Shopify doesn’t have this. There isn’t anywhere near the same level of need for Shopify developers, so developers don’t really become attached to the platform. Obviously there are some developers who only focus on Shopify, but there aren’t many.

Whilst you could argue that this is because Shopify do such a good job with managing the platform, it also means that the third party applications / extensions don’t grow to the same level and this is, in my opinion, why Magento is so scalable. Magento’s improvement over the last few years (and the fact they still exist after all of the issues they have around the launch of Magento 2) is in the most part down to the community and the amount of developers that contribute to the growth of the platform.


As can be seen by this brief assessment, there are advantages and disadvantages on both sides. On the one hand, Shopify Plus offers a fast and easy to use platform that includes all key components of an enterprise level ecommerce solution, without the requirement for specialist development teams, complex server setup or lengthy learning processes for staff. For merchants who have the technical knowledge and resources available in-house, however, the flexibility and scalability of Magento, coupled with its enormous functional capabilities, may mean that Magento 2 Enterprise Edition is the more logical choice. The decision on which platform is the best choice should ultimately be a highly individual one, based on a clear and detailed assessment of the client’s specific functional requirements and in-house resources. It will undoubtedly be interesting to observe how, over the coming months or years, these two eCommerce giants fare against one another.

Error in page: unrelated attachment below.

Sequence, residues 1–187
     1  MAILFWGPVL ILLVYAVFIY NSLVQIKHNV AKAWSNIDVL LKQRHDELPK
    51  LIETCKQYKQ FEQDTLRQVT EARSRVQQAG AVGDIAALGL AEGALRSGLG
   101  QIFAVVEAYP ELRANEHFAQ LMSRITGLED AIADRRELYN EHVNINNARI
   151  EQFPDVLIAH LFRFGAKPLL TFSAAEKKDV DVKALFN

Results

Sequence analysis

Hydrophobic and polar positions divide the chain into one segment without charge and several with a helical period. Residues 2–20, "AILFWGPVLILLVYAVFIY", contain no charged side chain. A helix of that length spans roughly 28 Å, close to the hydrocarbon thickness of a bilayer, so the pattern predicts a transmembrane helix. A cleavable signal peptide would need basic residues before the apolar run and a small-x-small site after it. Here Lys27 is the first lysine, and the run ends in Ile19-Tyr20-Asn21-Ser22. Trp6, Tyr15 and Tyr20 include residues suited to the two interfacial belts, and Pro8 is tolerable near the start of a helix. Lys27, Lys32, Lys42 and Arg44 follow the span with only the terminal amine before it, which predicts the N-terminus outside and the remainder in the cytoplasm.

Magento 2 Enterprise is almost definitely going to cost you more than Shopify Plus, purely because you need to pay integrators more money (both in terms of higher rates and more hours required) and the fees are likely to be higher (particularly if you’re a high turnover merchant).

In terms of scalability, I would personally say again that Magento is the better option, however I’ve not seen any real case studies around stores really challenging Shopify Plus around features and capabilities.

If I was running a relatively simple store and I didn’t have many complex requirements, I’d seriously look at Shopify Plus. If I was a store with some complex requirements, a need to scale quickly or if I wanted to go with a non-hosted platform, I would look at Magento 2 Enterprise.


Paul is an experienced eCommerce Consultant, specialising in working with the Magento platform. Paul works with online retailers and product companies from all over the world and is focused mainly on helping merchants get more from the Magento platform and growing stores (customer acquisition, customer experience, strategy etc).